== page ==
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PLoS Negl Trop Dis ; 14(10): e0008678, 2020 10.
Artigo em Inglês | MEDLINE | ID: mdl-33035210


Erythema nodosum leprosum (ENL), or type 2 lepra reaction, is a multi-system immune-mediated complication in patients with multibacillary leprosy, frequently associated with chronicity and recurrences. Management of ENL requires high doses of oral corticosteroids, which may not be universally effective and pose serious adverse effects. Thalidomide has proven to be a steroid-sparing agent and is useful in controlling the reactions. However, many centres do not employ it in outpatient settings due to adverse effects and teratogenicity risk. Hence, we studied the feasibility of treating ENLs and reported the therapeutic outcome.This is a five-year record-based analysis of ENL leprosy patients treated with thalidomide, includingdescriptive statistics of demographic variables. Clinical characteristics were stratified by treatment compliance status (yes/no). Incidence rates and rate ratios for recovery stratified by bacillary index, type of ENL presentation and MDT treatment status were calculated.Out of 102 ENL patients treated with thalidomide, 68 (66.7%) were compliant and improved. Among them, ENL recurrence was noted in 11(16.2%) patients. The commonest thalidomide side effect was pedal oedema (73.5%). Patients with bacillary index (BI) less than or equal to 4.0 had a 37% increase in the incidence of recovery. Patients with acute ENL were almost twice as likely to recover as those with chronic ENL. Also, the improvement was two and a half times greater among those who completed MDT as compared to those on MDT. The study showed that thalidomide treatment for patients with ENL is possible in outpatientclinics. We also successfully prevented pregnancies to a larger extent through counselling for contraception.We observed that early institution of thalidomide induces faster remission and prevents ENL recurrence.

Eritema Nodoso/tratamento farmacológico , Hansenostáticos/efeitos adversos , Hansenostáticos/uso terapêutico , Hanseníase Virchowiana/tratamento farmacológico , Talidomida/efeitos adversos , Talidomida/uso terapêutico , Adulto , Feminino , Humanos , Índia , Masculino , Pessoa de Meia-Idade , Estudos Retrospectivos , Adulto Jovem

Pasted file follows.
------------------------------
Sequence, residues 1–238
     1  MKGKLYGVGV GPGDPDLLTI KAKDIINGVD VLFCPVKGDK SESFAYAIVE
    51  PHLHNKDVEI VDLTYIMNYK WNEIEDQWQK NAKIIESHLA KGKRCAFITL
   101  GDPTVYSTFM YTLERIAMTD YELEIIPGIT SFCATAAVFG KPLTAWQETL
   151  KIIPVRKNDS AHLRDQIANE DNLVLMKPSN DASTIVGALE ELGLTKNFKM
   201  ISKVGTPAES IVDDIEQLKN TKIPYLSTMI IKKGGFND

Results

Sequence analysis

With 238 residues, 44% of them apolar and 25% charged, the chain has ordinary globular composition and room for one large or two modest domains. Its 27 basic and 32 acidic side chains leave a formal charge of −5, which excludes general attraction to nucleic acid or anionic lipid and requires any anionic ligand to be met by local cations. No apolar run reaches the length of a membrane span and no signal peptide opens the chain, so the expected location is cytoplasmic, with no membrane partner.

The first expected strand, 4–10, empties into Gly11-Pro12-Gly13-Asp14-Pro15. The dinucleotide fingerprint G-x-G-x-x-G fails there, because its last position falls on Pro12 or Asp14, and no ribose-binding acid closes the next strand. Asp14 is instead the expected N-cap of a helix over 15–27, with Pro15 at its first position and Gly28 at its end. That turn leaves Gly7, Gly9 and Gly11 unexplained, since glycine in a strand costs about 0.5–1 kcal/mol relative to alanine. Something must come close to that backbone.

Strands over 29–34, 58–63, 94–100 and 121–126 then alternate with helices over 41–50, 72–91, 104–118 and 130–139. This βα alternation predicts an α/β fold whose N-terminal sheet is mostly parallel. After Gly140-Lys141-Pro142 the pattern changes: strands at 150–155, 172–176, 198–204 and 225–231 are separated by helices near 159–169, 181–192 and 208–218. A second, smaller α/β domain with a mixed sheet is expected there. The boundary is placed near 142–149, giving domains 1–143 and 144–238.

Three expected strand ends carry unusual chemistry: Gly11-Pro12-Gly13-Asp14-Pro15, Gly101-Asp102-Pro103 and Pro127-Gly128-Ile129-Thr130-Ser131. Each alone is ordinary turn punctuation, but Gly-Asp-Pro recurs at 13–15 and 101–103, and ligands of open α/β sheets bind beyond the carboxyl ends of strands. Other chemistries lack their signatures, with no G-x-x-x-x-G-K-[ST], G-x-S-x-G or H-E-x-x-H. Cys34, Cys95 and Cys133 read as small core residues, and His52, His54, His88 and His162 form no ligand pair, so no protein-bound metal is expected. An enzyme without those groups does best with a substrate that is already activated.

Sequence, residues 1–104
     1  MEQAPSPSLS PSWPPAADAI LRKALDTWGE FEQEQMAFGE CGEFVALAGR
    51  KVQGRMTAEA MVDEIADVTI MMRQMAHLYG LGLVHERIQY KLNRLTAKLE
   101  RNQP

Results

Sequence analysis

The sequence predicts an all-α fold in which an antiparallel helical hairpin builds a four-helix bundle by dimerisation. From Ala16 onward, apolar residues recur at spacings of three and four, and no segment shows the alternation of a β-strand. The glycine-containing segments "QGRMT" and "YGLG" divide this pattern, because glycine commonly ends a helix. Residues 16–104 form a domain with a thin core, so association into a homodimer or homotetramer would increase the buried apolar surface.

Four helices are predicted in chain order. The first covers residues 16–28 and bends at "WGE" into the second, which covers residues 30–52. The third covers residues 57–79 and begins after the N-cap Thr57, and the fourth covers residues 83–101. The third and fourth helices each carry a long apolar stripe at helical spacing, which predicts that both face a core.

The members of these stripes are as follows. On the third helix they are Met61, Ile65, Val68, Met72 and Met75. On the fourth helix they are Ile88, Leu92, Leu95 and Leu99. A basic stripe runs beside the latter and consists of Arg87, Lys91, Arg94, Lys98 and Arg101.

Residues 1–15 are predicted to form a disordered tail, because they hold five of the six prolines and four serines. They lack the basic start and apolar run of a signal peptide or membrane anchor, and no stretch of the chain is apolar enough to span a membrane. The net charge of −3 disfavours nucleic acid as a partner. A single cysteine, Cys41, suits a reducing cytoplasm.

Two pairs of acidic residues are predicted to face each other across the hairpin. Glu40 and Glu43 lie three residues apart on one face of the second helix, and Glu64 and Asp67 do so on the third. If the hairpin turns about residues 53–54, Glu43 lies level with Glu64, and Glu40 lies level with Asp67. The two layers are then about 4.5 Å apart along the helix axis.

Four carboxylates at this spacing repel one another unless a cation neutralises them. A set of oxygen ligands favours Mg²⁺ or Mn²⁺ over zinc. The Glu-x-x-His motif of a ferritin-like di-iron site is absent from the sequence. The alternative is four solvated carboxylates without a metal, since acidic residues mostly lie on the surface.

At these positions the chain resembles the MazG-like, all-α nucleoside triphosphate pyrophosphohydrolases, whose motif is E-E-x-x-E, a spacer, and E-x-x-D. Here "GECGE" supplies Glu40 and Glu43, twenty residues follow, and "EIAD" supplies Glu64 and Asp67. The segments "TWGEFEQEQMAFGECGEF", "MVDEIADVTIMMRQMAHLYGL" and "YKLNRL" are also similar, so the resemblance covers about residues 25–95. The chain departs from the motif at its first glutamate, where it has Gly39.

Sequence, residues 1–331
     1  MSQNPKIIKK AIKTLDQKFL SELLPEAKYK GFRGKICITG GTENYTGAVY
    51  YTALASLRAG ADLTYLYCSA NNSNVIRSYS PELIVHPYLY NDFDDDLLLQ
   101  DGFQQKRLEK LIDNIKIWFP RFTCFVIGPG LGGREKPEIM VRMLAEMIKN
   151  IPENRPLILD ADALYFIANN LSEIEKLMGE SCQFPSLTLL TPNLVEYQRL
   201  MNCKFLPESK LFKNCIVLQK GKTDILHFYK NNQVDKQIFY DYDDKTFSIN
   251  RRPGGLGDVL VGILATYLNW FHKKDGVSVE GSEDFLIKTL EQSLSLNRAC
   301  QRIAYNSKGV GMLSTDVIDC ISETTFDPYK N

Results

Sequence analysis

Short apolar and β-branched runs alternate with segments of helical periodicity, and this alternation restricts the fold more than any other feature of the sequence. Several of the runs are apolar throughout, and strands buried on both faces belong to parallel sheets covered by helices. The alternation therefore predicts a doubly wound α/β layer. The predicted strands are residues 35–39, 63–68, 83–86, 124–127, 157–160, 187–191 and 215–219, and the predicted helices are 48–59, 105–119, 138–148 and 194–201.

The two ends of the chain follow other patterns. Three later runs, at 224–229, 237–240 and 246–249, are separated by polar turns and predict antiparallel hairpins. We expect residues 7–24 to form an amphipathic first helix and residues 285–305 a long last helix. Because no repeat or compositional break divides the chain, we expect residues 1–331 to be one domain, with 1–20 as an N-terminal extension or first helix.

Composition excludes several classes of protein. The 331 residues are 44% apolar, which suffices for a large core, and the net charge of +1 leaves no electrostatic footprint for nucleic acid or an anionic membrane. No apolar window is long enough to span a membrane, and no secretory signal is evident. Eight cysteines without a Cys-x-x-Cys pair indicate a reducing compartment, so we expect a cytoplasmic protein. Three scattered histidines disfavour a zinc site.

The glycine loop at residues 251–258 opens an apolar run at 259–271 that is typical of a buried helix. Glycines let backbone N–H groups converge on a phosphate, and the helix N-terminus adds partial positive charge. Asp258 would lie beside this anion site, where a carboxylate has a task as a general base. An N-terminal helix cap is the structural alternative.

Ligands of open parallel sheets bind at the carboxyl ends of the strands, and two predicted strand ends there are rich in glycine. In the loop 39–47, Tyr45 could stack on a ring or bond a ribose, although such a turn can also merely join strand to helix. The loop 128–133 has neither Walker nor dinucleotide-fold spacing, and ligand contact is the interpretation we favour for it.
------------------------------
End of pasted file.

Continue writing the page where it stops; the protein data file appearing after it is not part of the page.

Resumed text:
PLoS Negl Trop Dis ; 14(6): e0008393, 2020 06.
Artigo em Inglês | MEDLINE | ID: mdl-32598386


BACKGROUND: Non-healing plantar ulcers are one of the significant causes of disability in leprosy patients. Plantar ulcers often take months or years to heal, affecting the patient's quality of life. Presence of comorbid conditions in these patients can delay wound healing. The study aimed to evaluate the role of associated comorbid conditions as risk factors in ulcer healing. METHODOLOGY/PRINCIPAL FINDINGS: A total of 66 leprosy patients with plantar ulcers registered at LEPRA Society-Blue Peter Public Health and Research Center (BPHRC), Hyderabad, India from June 2018 to June 2019 were studied. Comprehensive clinical assessment was done, including screening for comorbid conditions and treated as per the recommended guidelines. About two-thirds of the participants were aged 50 and above, of which more than half were illiterates, and 93.5% were living below the poverty line. Majority of ulcers were seen on the forefoot; with the head of meta-tarsal bone 27 (41.6%) as the commonest site, followed by calcaneum 23 (38.3%) and great toe 10 (16.6%). Mean ulcer depth was 0.61 (0.57) cm, the area was 5.24 (6.73) cm2 and ulcer volume was 4.72 (14.33) cm3. Ulcer dimensions were significantly associated with low body mass index, hypertension and smoking. CONCLUSIONS/SIGNIFICANCE: Identifying the risk factors delaying wound healing and detailed assessment of ulcers are of profound importance to predict the outcome of plantar ulcers in leprosy patients. The study findings indicate the need for better policies by the leprosy control program for the comprehensive management of plantar ulcers.

Comorbidade , Úlcera do Pé/complicações , Hanseníase/complicações , Adulto , Idoso , Estudos Transversais , Feminino , , Úlcera do Pé/epidemiologia , Humanos , Índia/epidemiologia , Hanseníase/epidemiologia , Masculino , Pessoa de Meia-Idade , Pobreza , Fatores de Risco , Cicatrização
Trop Med Infect Dis ; 3(4)2018 Oct 01.
Artigo em Inglês | MEDLINE | ID: mdl-30275432


Leprosy is an infectious disease caused by Mycobacterium leprae and mainly affects skin, peripheral nerves, and eyes. Suitable tools for providing bacteriological evidence of leprosy are needed for early case detection and appropriate therapeutic management. Ideally these tools are applicable at all health care levels for the effective control of leprosy. This paper presents a systematic review analysis in order to investigate the performance of polymerase chain reaction (PCR) vis-à-vis slit skin smears (SSS) in various clinical settings and its potential usefulness as a routine lab test for leprosy diagnosis. Records of published journal articles were identified through PubMed database search. Twenty-seven articles were included for the analysis. The evidence from this review analysis suggests that PCR on skin biopsy is the ideal diagnostic test. Nevertheless, PCR on SSS samples also seems to be useful with its practical value for application, even at primary care levels. The review findings also indicated the necessity for improving the sensitivity of PCR and further research on specificity in ruling out other clinical conditions that may mimic leprosy. The M. leprae-specific repetitive element (RLEP) was the most frequently-used marker although its variable performance across the clinical sites and samples are a matter of concern. Undertaking further research studies with large sample numbers and uniform protocols studied simultaneously across multiple clinical sites is recommended to address these issues.